TPA_McGuire_blog ad    

paredes etsyThis past weekend I had to take a train trip to San Diego. The skies were clear and the beautiful landscape was filled with brilliant teals and page greens. As I struggled to get some work done rather than stare out the window the whole time, I asked my traveling companions what I should write about on my blogs this week. As they contentedly stared out the windows, they said in unison “Oceans”. So, I feel obliged this week to search out pieces that bring the feel and colors of the ocean inland to us in polymer land.

Although motifs like shells and waves would make for an obvious ocean theme, I prefer the pieces that are not so obviously defined. Subtle moods derived from patterns and soft-edged colors can give one the sense of a bright day by the ocean just like you are certain to see in this pendant by Susy Paredes. A handful of organic forms to accent the watery edges doesn’t hurt either. This unassuming piece may have been inspired by a stream or a lake, really, but we all bring our own experience to a piece, and today, I bring the ocean.

Susy’s work is largely simple and quiet without a lot of detail, certainly nothing extraneous. I do enjoy her pieces with the little organic accents the most. You’ll find quite a few on the second page of her Flickr photostream, as well as on her Etsy site.

If you like this blog, support The Polymer Arts projects with a subscription or an issue of The Polymer Arts magazine, as well as by supporting our advertising partners.


  TPA_McGuire_blog ad    

We sort of kinda interrupt this art blog to tip you off about a chance to grab a bundle of goodies, get some special discounts and have your opinions and wishes heard! Then we’ll talk art. Reader’s Wish List Survey Take a little survey and let us know what you want to see on the blog, […]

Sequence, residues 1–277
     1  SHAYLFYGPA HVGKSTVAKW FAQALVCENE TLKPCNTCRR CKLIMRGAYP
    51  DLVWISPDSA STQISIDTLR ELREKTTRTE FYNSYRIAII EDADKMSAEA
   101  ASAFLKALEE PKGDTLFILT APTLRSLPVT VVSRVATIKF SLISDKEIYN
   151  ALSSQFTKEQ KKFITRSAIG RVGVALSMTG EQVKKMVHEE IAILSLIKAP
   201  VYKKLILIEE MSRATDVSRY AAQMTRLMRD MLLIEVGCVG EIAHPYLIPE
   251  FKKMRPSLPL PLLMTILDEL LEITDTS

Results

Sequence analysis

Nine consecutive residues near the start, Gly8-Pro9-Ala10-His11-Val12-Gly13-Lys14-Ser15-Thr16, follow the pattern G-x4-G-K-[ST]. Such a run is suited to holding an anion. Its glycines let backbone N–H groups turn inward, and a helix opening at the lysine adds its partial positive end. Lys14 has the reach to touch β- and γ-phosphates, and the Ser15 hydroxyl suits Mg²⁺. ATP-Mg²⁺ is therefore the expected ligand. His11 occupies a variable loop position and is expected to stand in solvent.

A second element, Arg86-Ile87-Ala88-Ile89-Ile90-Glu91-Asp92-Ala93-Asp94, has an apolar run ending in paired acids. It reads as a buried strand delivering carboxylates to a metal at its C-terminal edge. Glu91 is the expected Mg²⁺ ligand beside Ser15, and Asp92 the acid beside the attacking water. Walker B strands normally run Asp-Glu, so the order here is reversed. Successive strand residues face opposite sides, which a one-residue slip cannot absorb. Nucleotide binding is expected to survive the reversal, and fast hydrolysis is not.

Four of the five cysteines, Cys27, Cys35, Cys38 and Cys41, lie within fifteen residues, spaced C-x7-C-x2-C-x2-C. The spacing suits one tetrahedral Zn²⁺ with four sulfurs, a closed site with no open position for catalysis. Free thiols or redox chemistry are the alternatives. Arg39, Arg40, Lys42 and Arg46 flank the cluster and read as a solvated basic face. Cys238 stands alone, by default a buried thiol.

One of the striking things about summer is that point where some of the vegetation on the hills are still green and putting forth great effort to uphold their place in the sun while swathes of other plants have given up and turned brown. Even though I don’t like to see the hills turn brown, […]

In the northern hemisphere we are in the midst of summer, but Mother Nature is showing her many sides from hot and still to muggy and stormy, from tornadoes to floods to hurricanes. Down in the southern hemisphere, summer days are a distant memory, but nonetheless, summery colors are making a surge on the pages […]

Did you miss us yesterday? Sorry for the absence, but all kinds of wonderful things have been going on; they have just been keeping me buried until I couldn’t remember what day it was. For some reason I thought the last three days were all Thursday. Can you say sleep deprived? Why is this? Well, […]